Mercy exchanged a glance with Truman. “This murder might be related to Olivia Sabin’s,” she said.

Truman admired the way Bolton’s countenance didn’t flicker.

“Explain,” the detective ordered.

“It’s complicated,” Mercy hedged.

That’s putting it mildly.

“I’m not in a hurry.” The detective’s gaze darted from Truman to Mercy. “Will I also be handing this case off to the FBI?”

“It’s very possible.”

Bolton finally showed an emotion: resignation. “Spill it.”

Mercy gave an abridged version, tracing the connections from Olivia Sabin to Malcolm Lake to Christian Lake and then to Rob Murray.

Realization dawned in the detective’s eyes, and Truman jumped on it. “What? You’re thinking of something.”

The detective took a deep breath. “It’s not quite the same, but Murray was killed with a blade of some sort. I don’t see the deliberate pattern of cuts that I saw on Olivia Sabin, but I can’t ignore the similarities.” Bolton turned a pensive gaze on Truman. “You’ve turned up at two of the murder sites.”

“So have I,” Mercy interjected.

“Not before this guy was killed,” Bolton pointed out.

Truman said nothing. He wouldn’t let the detective get under his skin.

“Tell me again what brought you to see Rob Murray earlier this morning?” the detective asked.

Truman explained his curiosity about the abandoned vehicle after learning Murray worked for the murdered judge’s son.

“How did Murray seem?” asked Bolton.

“Mellow. He was about to leave for a painting job and wasn’t concerned that he’d left his boss’s expensive vehicle on the side of the road. I would have been more contrite about an SUV that probably cost three times my salary.” A thought struck him, and Truman turned to the parking lot. “I take it that’s Rob’s truck?” He pointed at a beat-up Chevy being photographed by a crime scene tech on the far side of the lot.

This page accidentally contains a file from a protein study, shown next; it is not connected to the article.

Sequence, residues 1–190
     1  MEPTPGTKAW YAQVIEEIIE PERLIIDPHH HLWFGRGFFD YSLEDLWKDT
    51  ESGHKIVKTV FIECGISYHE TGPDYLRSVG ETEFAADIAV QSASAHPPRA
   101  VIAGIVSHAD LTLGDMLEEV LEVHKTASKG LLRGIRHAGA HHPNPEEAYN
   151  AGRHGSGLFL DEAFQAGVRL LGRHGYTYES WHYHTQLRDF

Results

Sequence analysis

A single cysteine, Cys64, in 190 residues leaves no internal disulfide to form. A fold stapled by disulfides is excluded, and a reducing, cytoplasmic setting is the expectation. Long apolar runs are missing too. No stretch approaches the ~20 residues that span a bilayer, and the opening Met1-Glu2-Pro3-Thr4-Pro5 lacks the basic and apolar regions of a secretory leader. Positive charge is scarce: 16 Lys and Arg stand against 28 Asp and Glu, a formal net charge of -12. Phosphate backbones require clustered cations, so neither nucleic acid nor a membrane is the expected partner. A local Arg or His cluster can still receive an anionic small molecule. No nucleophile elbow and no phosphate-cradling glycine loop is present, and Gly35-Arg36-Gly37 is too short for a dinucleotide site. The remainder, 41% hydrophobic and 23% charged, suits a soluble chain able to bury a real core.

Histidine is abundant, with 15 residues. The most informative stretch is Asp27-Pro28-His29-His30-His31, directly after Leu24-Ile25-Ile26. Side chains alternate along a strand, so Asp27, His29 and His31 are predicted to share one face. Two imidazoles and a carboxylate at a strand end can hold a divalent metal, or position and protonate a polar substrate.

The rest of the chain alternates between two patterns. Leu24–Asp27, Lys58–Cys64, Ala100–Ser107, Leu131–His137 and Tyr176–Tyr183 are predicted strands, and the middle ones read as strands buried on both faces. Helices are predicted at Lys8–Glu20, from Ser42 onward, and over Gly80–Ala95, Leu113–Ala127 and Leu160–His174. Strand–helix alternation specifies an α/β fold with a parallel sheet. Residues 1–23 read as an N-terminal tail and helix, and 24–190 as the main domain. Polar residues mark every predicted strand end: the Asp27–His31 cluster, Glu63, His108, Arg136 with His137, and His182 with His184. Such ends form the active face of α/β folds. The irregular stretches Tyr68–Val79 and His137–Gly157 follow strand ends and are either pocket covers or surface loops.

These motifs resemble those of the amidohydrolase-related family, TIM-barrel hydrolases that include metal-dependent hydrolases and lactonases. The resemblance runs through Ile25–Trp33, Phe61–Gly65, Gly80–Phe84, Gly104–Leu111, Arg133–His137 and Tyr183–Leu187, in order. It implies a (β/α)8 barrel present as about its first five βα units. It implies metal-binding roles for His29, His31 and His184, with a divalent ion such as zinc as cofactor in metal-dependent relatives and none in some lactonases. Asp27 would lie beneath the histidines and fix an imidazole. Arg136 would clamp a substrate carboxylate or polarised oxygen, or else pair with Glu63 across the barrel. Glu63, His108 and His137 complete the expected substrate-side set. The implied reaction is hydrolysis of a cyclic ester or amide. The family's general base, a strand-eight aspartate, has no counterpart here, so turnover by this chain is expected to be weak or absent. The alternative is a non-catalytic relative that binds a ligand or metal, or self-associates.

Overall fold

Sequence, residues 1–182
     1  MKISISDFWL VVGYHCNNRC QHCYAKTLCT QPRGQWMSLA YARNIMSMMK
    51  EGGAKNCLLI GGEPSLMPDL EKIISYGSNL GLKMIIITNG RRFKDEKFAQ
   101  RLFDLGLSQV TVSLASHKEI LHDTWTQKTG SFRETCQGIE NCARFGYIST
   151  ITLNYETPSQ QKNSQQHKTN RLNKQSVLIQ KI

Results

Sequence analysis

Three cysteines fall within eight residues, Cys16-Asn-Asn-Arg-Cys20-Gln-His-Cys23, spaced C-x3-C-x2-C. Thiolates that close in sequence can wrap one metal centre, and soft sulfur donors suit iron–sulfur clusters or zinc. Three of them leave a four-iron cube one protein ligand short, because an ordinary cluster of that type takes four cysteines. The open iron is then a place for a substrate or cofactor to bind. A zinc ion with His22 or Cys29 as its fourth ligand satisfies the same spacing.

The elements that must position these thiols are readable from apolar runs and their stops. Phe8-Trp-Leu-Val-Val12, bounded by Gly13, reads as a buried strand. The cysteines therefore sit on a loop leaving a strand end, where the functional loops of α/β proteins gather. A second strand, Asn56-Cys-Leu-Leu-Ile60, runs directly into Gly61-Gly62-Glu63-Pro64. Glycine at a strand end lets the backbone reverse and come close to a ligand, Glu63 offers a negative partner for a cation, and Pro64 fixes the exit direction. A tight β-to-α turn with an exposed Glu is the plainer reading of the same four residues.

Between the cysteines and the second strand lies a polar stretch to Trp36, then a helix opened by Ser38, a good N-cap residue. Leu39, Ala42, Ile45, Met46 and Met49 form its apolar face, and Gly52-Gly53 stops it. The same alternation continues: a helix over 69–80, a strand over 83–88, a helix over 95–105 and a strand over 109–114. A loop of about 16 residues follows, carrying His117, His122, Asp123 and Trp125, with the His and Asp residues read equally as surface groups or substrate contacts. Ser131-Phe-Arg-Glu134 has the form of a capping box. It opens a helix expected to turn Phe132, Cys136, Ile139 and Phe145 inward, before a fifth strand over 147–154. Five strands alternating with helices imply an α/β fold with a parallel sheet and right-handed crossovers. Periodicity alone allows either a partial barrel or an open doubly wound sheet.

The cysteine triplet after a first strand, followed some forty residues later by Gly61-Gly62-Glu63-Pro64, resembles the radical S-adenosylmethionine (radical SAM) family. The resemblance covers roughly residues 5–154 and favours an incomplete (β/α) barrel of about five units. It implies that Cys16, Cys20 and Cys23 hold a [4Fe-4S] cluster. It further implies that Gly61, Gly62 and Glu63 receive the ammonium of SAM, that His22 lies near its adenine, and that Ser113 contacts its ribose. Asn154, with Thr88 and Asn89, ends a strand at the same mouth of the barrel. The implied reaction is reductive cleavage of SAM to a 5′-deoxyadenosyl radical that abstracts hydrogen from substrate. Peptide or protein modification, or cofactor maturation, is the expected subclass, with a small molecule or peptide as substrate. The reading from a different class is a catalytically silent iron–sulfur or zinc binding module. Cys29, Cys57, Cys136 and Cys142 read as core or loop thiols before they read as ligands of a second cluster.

“You’re sharp.”

Truman ignored the dig. “It was parked right next to the stairs this morning. I had to walk around it. I remember because of the obnoxious hitch cover.”

“What’s the hitch cover have on it?” Mercy asked.

“A dangling pair of balls.”

“What’s obnox—oh. Never mind,” she finished.

“My point is that he moved the truck at some point after I left,” stated Truman, knowing he had no way to prove that the truck had been parked near the stairs. “Who reported the murder?”

“That doesn’t mean Murray was the one to move the truck,” said Bolton. “His painter friend called it in. The guy was pissed that Murray was a no-show and came over to chew him out. He said the door was slightly open when he arrived.”

“And?” Mercy asked.

She’s itching to see inside.

Bolton was silent, a struggle in his gaze, and Truman saw the moment he gave in. “Bootie up,” he ordered. “This is against my better judgment, but since you saw the Sabin scene, I’d appreciate any insight.”

Truman and Mercy accepted booties and gloves from an officer. Apprehension rolled off Mercy, and he wondered if she was second-guessing her desire to see the scene. He knew finding Olivia Sabin’s killer was a personal goal of hers, but he doubted she wanted to see another murder scene.

Unsurprisingly, the inside of Murray’s apartment reeked of cigarette smoke. An overflowing ashtray sat on the coffee table in front of a sofa that had bits of stuffing peeking out of its cushion holes. A flat-screen TV nearly twice the size of Truman’s hung on the wall.

Priorities.